Though his demand will raise the cost of the project, that's a price he's willing to pay.For this, and everything else, we should be eternally grateful.Interestingly, the Aga Khan, who signs off on all plans, was strongly in favour of the gardens and underground parking for 750 cars.His Highness was concerned about what kind of image the centre will send to the population at large.Most Torontonians would have dismissed that location without a second thought; after all Wynford Dr., where the old Bata and Shell corporate sites were located, is more a drive-by corner than a destination.But once the transformation is complete, sometime around 2011, it will be a full-fledged international destination, a place for all.This time, it's about how much they can do for Canada and Toronto.Christopher Hume writes on urban development, To reach him, email [email protected] When I was a little girl, I used to stay here in the holidays with my grandmother. The house today is not even one tenth of what it was in those days. We had 12 permanent staff: butlers, maids, cooks, gardeners and so on. The house was known as the corner of Europe." Aida de Menezes Braganza, 90, represents the eighth generation of the Braganza family in Goa.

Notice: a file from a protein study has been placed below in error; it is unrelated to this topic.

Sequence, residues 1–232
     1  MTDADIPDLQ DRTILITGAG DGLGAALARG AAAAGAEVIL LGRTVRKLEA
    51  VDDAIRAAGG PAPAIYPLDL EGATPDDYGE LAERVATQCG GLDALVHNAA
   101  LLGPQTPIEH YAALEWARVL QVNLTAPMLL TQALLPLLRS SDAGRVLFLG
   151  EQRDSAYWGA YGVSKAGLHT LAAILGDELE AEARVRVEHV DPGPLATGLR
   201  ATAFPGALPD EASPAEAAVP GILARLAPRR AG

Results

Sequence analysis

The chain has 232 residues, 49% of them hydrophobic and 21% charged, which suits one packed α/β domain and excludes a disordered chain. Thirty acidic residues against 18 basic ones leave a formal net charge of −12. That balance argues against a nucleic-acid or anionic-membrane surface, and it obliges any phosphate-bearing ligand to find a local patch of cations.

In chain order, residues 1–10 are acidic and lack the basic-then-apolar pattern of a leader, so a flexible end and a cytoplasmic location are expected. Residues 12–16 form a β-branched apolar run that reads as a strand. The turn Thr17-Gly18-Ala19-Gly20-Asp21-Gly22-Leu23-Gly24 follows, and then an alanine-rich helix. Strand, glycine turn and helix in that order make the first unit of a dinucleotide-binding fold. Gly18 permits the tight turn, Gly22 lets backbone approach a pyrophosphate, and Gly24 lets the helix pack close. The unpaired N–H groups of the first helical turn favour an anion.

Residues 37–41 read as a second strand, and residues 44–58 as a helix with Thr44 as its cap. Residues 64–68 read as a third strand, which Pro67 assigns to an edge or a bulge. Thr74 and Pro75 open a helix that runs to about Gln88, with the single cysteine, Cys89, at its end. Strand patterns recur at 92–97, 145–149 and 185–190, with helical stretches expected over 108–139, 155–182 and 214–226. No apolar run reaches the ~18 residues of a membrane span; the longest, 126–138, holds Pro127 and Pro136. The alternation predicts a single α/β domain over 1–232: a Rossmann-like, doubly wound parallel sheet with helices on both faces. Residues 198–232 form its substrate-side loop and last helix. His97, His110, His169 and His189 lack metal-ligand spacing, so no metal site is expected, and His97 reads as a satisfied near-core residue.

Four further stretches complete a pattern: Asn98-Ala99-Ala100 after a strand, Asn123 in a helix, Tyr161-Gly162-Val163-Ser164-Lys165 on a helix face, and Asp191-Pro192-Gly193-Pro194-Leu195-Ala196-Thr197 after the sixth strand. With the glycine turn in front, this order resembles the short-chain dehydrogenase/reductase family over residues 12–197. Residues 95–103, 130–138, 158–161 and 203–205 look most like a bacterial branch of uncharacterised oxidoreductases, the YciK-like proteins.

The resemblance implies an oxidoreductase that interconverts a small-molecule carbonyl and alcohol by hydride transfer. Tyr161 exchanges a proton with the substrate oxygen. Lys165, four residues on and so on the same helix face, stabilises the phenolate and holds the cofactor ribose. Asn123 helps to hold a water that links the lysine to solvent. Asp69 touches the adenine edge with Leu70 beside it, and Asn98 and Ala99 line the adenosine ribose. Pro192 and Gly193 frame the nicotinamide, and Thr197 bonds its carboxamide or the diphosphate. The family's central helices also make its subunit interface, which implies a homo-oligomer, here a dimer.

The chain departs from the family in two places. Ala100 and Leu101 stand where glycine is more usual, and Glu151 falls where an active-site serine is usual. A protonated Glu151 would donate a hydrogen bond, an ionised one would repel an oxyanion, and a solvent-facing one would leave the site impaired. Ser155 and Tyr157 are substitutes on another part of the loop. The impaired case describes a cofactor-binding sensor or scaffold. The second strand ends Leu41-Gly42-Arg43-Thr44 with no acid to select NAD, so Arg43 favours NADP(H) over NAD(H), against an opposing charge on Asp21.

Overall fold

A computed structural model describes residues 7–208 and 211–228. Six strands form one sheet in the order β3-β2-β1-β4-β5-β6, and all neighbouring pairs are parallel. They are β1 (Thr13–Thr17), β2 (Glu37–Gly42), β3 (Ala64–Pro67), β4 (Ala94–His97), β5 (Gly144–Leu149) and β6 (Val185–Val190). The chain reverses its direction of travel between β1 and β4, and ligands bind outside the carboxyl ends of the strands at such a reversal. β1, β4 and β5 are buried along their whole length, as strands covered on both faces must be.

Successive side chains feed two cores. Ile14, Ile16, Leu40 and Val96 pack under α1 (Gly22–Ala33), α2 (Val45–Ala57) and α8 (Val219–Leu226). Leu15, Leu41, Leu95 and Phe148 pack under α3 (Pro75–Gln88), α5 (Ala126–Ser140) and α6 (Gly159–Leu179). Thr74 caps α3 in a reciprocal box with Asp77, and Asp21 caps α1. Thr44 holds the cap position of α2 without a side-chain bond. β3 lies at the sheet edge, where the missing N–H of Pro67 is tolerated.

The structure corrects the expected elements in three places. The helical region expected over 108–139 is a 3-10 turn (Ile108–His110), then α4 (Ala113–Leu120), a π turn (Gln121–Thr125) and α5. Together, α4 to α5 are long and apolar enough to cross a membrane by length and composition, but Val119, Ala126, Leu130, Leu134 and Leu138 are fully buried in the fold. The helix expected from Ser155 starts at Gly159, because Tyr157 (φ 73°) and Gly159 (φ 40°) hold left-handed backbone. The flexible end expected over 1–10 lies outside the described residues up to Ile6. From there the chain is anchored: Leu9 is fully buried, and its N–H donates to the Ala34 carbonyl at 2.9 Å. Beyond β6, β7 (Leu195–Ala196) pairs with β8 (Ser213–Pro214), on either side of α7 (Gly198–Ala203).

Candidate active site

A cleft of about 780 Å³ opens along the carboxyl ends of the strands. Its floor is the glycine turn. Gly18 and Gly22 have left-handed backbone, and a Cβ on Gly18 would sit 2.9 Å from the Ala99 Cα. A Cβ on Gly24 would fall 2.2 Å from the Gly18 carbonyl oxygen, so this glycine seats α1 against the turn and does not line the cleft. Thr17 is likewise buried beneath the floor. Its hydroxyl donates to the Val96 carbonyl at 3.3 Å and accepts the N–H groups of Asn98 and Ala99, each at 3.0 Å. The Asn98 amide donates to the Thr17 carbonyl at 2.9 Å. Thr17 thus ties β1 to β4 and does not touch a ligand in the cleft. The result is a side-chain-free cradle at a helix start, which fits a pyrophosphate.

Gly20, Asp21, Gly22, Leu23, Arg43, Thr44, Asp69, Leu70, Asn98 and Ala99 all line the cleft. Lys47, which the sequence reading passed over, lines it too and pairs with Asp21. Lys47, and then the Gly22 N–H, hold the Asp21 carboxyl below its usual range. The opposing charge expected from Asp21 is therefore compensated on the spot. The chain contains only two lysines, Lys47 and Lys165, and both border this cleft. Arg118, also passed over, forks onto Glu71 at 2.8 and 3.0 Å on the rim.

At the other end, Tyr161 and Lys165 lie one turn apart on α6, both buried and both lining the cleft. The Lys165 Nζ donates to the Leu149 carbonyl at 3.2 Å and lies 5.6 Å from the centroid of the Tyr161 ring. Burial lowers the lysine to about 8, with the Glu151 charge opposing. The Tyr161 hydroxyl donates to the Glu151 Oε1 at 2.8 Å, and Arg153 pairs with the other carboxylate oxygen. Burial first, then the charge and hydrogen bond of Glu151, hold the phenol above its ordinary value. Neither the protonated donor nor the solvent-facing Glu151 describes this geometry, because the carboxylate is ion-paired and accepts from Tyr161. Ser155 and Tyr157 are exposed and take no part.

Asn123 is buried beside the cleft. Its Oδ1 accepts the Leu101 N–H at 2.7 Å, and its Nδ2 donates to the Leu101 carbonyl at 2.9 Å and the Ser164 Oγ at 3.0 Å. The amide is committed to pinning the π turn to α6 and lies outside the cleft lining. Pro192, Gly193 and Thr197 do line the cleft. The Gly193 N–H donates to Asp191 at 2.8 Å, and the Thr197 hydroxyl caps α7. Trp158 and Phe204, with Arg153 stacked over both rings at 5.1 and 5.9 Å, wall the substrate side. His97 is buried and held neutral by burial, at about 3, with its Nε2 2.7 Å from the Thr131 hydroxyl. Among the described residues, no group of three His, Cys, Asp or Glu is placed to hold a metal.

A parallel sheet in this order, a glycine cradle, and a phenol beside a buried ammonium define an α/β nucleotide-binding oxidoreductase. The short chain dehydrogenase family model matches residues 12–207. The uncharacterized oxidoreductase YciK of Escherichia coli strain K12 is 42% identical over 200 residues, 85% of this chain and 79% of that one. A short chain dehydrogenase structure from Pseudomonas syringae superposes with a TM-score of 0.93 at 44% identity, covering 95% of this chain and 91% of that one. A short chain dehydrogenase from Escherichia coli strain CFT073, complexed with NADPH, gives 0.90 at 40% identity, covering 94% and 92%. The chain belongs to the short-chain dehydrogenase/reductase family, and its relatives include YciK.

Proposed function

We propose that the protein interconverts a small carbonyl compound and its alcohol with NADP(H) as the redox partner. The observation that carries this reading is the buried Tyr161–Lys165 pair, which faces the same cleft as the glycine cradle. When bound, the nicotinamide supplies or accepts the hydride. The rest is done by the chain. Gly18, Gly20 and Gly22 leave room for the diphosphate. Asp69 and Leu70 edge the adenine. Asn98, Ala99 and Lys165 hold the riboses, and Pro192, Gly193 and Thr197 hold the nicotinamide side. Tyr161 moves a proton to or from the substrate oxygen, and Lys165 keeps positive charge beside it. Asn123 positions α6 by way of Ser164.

The designer of the museum, intended to house the Aga Khan's exquisite collection of Islamic art and artifacts, is none other than acclaimed Japanese architect Fumihiko Maki.There was a fifty-fifty draw as well as Bingo played towards the end of the evening.The bingo caller for the night was none other than John Pompi Gois, who of course kept everyone laughing and having a great time.While playing bingo there were also some delicious treats (ladoos and jalebis) passed around to everyones delight.Putting such an event together takes a lot of planning, time and effort.